The week long festival of San Antonio de Padua culminates with the ‘Locos’ parade of over 10,000 participants in costume. This first float of San Antonio, brings on the throng of costumed revelers.
The altar is filled with flowers, decorations and flowers.
and the grand wizards start the festivities
Every neighborhood in San Miguel has its own group of locos or crazies, who attend local and neighborhood festivals, and for this one, they convene together to celebrate their loco-ness
To death, devils and Fidel Castro
Beautiful women and Mexican luchadors
Carnaval and cartoon characters
and old dancers..
Kewpie like dolls
Cowgirls and cowboys
Hours and hours are spent creating masks, costumes, floats, and perfecting routines.
The range of masks is from paper mache, to cloth, to rubber and plastic.
Pirates with warts on their noses
The Mojigangas, without which a parade would not be complete. Standing about 12 to 15 feet tall, they weave in and out of the crowd, lowering their heads into your face.
The traditional man and woman
Woman of the night…
Groups of luchadors – Rey Misterio, La Parka, Santo and others
Clowns and pirates and big haired women
Baby diablo on his father’s shoulders – his initiation into the big parade.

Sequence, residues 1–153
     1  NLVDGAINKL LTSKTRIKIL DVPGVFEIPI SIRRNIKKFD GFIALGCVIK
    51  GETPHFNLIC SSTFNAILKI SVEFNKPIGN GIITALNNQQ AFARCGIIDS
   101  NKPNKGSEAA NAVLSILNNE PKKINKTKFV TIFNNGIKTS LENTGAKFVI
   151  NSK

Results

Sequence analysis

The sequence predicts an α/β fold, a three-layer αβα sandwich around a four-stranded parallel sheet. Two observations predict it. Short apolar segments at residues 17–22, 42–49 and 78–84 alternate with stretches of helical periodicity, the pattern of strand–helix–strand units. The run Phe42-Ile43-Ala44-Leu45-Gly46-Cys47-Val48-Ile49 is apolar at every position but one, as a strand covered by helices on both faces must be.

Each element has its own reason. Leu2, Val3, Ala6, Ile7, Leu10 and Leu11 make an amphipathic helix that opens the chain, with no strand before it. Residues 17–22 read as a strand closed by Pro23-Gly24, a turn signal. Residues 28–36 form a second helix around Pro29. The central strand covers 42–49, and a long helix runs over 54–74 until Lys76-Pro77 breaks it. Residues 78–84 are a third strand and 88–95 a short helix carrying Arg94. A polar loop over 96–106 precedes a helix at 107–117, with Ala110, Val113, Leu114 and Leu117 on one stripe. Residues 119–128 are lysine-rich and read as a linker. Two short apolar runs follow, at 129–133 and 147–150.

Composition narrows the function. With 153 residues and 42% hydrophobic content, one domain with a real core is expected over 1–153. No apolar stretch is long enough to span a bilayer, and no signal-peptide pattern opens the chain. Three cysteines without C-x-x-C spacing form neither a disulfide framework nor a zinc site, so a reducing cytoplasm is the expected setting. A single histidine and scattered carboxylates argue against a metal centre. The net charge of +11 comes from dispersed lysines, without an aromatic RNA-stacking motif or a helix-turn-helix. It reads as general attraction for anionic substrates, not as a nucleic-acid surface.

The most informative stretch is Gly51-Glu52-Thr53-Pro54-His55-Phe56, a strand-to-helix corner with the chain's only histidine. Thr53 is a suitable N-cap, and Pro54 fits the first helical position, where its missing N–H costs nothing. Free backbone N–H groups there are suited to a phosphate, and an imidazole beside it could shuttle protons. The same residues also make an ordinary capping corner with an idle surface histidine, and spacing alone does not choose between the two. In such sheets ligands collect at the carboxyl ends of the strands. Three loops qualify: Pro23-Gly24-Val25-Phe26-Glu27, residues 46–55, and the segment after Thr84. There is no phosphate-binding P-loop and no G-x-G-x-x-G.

And, buzz lightyear –
Characters and more characters
Death and skeletons
More clowns and theatre faces
Monsters and gremlins
The creativity in the hand made masks and costumes is as good as it gets, but unlike the Macy’s parade, this is completely local and hecho a mano!
Saddam with donkey ears, devils, clowns and Santo luchador. No one is left out of the melee.
Bugs Bunny, Woody Woodpecker and Goofy too.
Luchadors fighting in the back of a pickup truck with the foxy babe.
Clowns throwing candy
Huevos in pigtails and hats following the conquistador
Mysterio, handing out candy with reaper behind him
Hands out for candy as the pirates go by
Masks worn on the back of heads
What a set of lips!
Some of the best clowns you have ever seen
A young girl between death and George Bush
Vaca loco, death, muertos, skeletons
Shreck wearing Winnie the Pooh
More Death coming….
Mother earth brings up the end
While the early paraders rest on the sidewalk
And the crowds disperse to the south
to the west
And the workers from the local shops stand in the bouganvilla lined entries, hoping for a last glimpse
© All rights reserved, June 2007, Dos Mujeres Mexican Folk Art